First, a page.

I hope you enjoy my books. Please visit my website: www.gracelin.com for more info about them (behind the scene stories and pictures) as well as other amusing anecdotes!

Customer Reviews

4.6 out of 5 stars
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See all 27 customer reviews
This book is the perfect introduction to dim sum.
AL
She enjoys picking out her favorite pieces of dim sum in the book and then pointing out my favorites.
C. Finn
I bought this book for my 5 year old son and he has me read it every night with him.
Amazon Customer

Most Helpful Customer Reviews

16 of 16 people found the following review helpful By Lee on March 1, 2003
Format: Hardcover
My 2 yr old son absolutely loves this book! He can recite every single page!
I grew up speaking Cantonese and I didn't know how to pronounce all the dim sum dishes, but Ms. Lin has helped by listing the most popular dim sum dishes with the English translation and Cantonese pronunciations at the end of the book.
This book also contains very colorful illustrations and a little descriptive history on dim sum.
As for "two shoes", that is what seems to come out of my son's mouth whenever he tries to say "dishes". :)
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15 of 15 people found the following review helpful By A Customer on October 24, 2001
Format: Hardcover
Each person in the family picks out something different as the cart with the little dishes comes around in the dim sum restaurant. With a sing-song rhythm, Lin describes the familiar ritual of a family having dim sum together, describing as she does so a bit of Chinese culture. "Little dishes on carts. Little dishes on tables...Everyone eats a little bit of everything." Her illustrations show a table full of brightly colored plates topped with small portions of various foods: fried shrimp, turnip cakes, sweet tofu, and little egg tarts. Ma-Ma, Ba-Ba, and the three daughters wear clothes with intricate patterns, set against a backdrop of swirls. The effect is a rich mesh of textures and a collage of little plates! Lin ends the book simply as she began it with the statement, "Now there are empty little dishes." She includes the history of the dim sum tradition at the end of the book, as well as small pictures of each dim sum dish, labeled in English and Chinese.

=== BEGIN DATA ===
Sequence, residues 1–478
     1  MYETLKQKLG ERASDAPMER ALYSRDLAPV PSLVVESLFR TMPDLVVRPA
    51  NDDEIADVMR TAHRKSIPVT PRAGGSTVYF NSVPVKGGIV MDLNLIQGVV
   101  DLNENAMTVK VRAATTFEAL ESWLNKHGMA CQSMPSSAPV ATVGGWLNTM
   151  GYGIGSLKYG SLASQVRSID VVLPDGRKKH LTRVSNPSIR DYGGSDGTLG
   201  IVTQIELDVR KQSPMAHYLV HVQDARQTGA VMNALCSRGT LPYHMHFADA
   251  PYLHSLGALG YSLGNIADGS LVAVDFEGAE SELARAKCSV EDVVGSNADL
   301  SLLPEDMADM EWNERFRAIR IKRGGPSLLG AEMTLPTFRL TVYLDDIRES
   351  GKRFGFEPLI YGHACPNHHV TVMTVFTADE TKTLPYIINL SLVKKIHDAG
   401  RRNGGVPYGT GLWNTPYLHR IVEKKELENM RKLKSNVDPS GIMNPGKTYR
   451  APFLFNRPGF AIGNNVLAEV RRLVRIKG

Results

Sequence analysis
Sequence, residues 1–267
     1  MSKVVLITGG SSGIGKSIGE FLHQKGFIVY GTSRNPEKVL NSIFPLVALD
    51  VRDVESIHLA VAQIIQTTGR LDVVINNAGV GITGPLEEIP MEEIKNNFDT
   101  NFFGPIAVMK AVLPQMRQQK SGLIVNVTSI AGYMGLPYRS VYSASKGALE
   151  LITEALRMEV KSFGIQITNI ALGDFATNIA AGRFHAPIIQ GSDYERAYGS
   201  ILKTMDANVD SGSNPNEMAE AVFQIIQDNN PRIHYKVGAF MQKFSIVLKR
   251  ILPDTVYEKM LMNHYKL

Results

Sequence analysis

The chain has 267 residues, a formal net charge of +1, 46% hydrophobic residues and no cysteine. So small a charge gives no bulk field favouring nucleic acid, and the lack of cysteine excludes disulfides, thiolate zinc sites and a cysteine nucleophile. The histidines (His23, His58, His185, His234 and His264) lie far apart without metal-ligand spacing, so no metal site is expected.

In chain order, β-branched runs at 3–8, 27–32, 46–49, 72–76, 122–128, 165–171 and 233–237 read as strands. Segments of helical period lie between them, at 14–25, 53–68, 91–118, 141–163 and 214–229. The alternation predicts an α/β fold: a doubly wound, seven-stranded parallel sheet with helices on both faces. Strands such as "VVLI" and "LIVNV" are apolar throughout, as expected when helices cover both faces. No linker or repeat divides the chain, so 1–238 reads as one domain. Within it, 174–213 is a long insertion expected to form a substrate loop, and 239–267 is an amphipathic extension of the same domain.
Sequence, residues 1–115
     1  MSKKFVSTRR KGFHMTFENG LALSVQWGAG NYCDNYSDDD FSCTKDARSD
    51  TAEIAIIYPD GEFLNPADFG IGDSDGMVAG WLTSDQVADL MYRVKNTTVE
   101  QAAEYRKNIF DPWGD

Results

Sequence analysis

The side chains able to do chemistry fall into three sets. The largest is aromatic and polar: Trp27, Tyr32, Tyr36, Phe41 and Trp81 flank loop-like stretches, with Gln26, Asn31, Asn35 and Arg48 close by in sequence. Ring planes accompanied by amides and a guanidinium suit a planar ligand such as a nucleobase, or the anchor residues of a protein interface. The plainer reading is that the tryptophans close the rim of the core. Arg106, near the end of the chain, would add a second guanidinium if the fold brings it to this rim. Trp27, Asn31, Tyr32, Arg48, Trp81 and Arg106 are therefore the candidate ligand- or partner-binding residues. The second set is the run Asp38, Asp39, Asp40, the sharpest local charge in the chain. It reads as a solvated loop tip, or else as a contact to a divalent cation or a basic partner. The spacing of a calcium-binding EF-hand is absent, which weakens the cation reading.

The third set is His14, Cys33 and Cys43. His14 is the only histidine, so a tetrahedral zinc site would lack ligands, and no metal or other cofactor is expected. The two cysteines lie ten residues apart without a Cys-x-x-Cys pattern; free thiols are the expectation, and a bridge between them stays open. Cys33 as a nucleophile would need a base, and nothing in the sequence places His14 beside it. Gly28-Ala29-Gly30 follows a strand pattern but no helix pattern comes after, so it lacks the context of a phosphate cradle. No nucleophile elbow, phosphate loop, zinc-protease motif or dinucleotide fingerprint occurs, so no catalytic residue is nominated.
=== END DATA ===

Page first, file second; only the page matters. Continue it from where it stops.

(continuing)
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7 of 7 people found the following review helpful By C. Finn on July 26, 2005
Format: Hardcover
My three year old daughter loves this book. She enjoys picking out her favorite pieces of dim sum in the book and then pointing out my favorites. The illustrations are beautiful. My daughter likes to bring the book with her when we go out for dim sum and then she matches up the food items at the restaurant with the pictures in the book. It is a good book to introduce dim sum to a child.
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7 of 8 people found the following review helpful By KSL on December 27, 2004
Format: Hardcover
This book would be a terrific book to read before, during the long plane ride to China and while there for your child who is traveling with you to meet her new Mei Mei! Also can be brought along when you visit a actual Dim Sum restaurant both there in China and back home in your local Chinese restaurnant!